Rog and Palumbo were trying to stuff an air hose down Zachary McCloud's throat. It was like using a garter snake for a cue stick, and besides that, they were zombies. However, four solid years of listening to the bray of Lyle Dwyer in the classroom and on the field had made them sensitive beyond the grave to the sound of his voice. The late great all-stars of Freeman Memorial High turned in the direction of their drunken bio teacher out by the gas pumps.
Archie decided to chance it: he ran over to the Plymouth.
Dwyer had the cap off the gas tank. He was mumbling and humming vaguely to himself and to the night his favorite Chuck Berry tune:
"She's got the grown up blues"
He tried to mate
and the Plymouth's gas tank, but he kept missing, clanging the hose against the car.
"Tight dress and lipstick
She's sportin' high heel shoes"
He'd also forgotten to turn on the pump
, so he started hitting the nozzle, hard, on the Plymouth to force the gas out.
"Oh, but tomorrow morning
She'll have to change her trend"
Archie slapped at the pump lever and hurried around to Dwyer's side of the car. The drunken Dwyer still didn't have the nozzle in and now he was spraying gasoline
all over the place. Archie grabbed the hose from him and slipped it home.
"Hi," said Archie, breathlessly.
"Oh, hey there, kid," said Dwyer. " 's tricks?" He burped loudly and leaned over very close to Archie, trying to get a focus on him.
"It's me, Mr. Dwyer," said Archie, as the pump rang up two dollars. "Archie Meader."
"Archie?" Dwyer was leaning alternately on the car, on the nozzle, and on Archie. He was really smashed.
"Archie Meader? Good ole Arky meedees…On Floating Bodiesh…hydro…hydro….ssss"
"Hydrostatics, right," said Archie. "You got it, Mr.—"
Dwyer stumbled against the nozzle and it slipped out, spraying them both with acrid gasoline. Archie fought him for control, slipped the nozzle back in the tank.
"Look, easy, Mr. Dwyer. Sir, I need your help."
" 's when you working here, Archie?" Dwyer straightened up, gesturing towards the station. Archie noticed that he hadn't changed his clothes from the ceremony, and that his face was all bruised and cut. He must've been drinking all day.
"No, I don't work here, I—"
"Thas right. You work for th' undertaker. You work on the kidsch. You shaw the poor babiesch after all that awf'l stuff."
His rap started to degenerate badly.
"We w're only having fun. I din mean anythig by it." He shook his head in drunken antagonism. "Din have to do what they did…plenty there to go around."
The pump clicked off another couple of bucks of gas.
"Sucha pre liddle peece of assh. Like to jus geddown there 'n grovel inna groove…"
"Oh Mommy Mommy
Please may I go…"
Rog and Palumbo had stumbled outside, and slowly but surely they approached the pumps. Dwyer's attention turned back to the present:
"No! I don wanchu pumping up my car, Archie! You have better thingsh to do! Hey!" he yelled to Palumbo and Rog, who were less than a first down away, "how aboudt a lil servicsh here?!"
Archie thought the two dead jocks looked at each other as if to seal some sort of agreement, but he wasn't sure. It was like it was late in sudden death overtime and they'd both agreed to cream the opponent. They seemed to step up their approach to the car.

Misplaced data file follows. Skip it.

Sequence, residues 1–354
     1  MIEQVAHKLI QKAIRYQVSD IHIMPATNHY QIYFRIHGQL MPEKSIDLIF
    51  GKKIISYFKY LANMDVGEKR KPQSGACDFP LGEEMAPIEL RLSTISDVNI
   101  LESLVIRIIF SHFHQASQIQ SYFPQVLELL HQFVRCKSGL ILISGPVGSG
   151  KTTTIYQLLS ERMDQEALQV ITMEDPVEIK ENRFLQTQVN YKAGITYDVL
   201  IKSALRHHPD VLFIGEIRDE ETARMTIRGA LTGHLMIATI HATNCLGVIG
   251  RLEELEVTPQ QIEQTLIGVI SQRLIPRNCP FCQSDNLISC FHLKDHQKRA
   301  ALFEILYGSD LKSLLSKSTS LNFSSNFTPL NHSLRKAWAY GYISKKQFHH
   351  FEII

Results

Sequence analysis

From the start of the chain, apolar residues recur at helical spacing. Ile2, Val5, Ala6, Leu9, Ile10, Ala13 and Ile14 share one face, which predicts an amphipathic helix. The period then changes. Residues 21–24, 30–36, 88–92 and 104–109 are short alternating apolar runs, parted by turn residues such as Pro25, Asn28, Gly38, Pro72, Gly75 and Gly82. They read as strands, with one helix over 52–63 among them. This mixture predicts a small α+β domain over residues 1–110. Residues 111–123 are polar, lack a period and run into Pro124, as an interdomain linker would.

"Unh, Mr. Dwyer," said Archie. Eight dollars would get them anywhere they wanted to go. "There's been some trouble here. Let's just get out of here, hunh?"
Dwyer was in a rage now. The distant figures were close enough for him to recognize them as people. People who would no doubt respond to a little old-fashioned temper tantrum:
"Wha kinda servicsch you call this shit? Who's gonna check my oil, goddammit? Lookkit that windshield!"
The zombies moved agonizingly closer. It was plain to see that any sober man could outrun them, so Archie relaxed a little. He had a definite advantage. Dwyer staggered towards Rog and Palumbo:
"I know the owner! I been coming here for fifteen years n I never seen service like this!"
The dead football players were close enough to Dwyer to hit him with a high/low block and put him away, but the zombies kept walking, past the biology teacher. Archie moved to his left, around the car. Dwyer spun around in confusion:
"Hey!" he yelled to Palumbo, "how come you're dressed like that?"
Rog walked right up to the regular pump and kicked it. Once, twice, three times. He looked back over his shoulder at Dwyer as if to say "I'm just warming up."
Palumbo, in the meantime, kicked the car. He kicked the right front hubcap and all along the right side, clang clang clang, and all the way past the right rear hubcap. The two of them looked like one of those German clocks that does weird stuff every hour on the quarter hour. Clang clang bonk bonk bonk. They were destroying Dwyer's car. Methodically.
"Hey!" screamed Dwyer, "That's my car!" Rog was working on the left side, kablong bong bong. Archie moved around to the front. Dwyer huffed his way back towards the jocks.
"Whoo, boy, I'm gonna turn you in," he warned. "This the last time you work here, you guys."
He steamed up to Palumbo: "You're taking drugs, boy."
Palumbo kept kicking. It was taking a while, but they were doing a lot of damage. Dwyer hustled back over to Rog:
"You jus keep keeping, boy. You are kicking yourself right out of a job, boy. Old Miller's not putting up with this."
He was close enough to Rog to kiss him. The banging and clanging got to him at last:
"Stop it!" screamed Dwyer. Clang bhang, clunk. "I said stop it!"
And he grabbed Rog by his oily tuxedo. Rog swung around, his face very close to Dwyer's.
"What the hell you think you're—" Dwyer stopped suddenly, noticing perhaps that this fellow wasn't wearing overalls or a smile. He appraised Rog's face the way he might check out a partially dissected leopard frog:
"Jesus, man. You are some messed up. Where's your eye, boy?" Palumbo had worked his way around behind the biology teacher.
"Hey!" realized Dwyer, alas, too late. "You don't work here!"
Palumbo grabbed him by the collar of his sadly overworked blue serge suit.
"Hey! You're…you…you guys are—" Rog grabbed up his feet. "No! You're dead! Davis! Put me down, goddammit!"
They carried him, a sack of drunken potatoes, back towards the service bay. Archie sprinted to the pay phone.
Meanwhile, back inside the garage, Joanie was sitting on McCloud's face, trying to get his shoes and socks off. She was having an awkward time of it. With all the grease running down her legs, she kept slip-sliding away. McCloud was alive, it looked like, but barely. He was having difficulty catching his breath.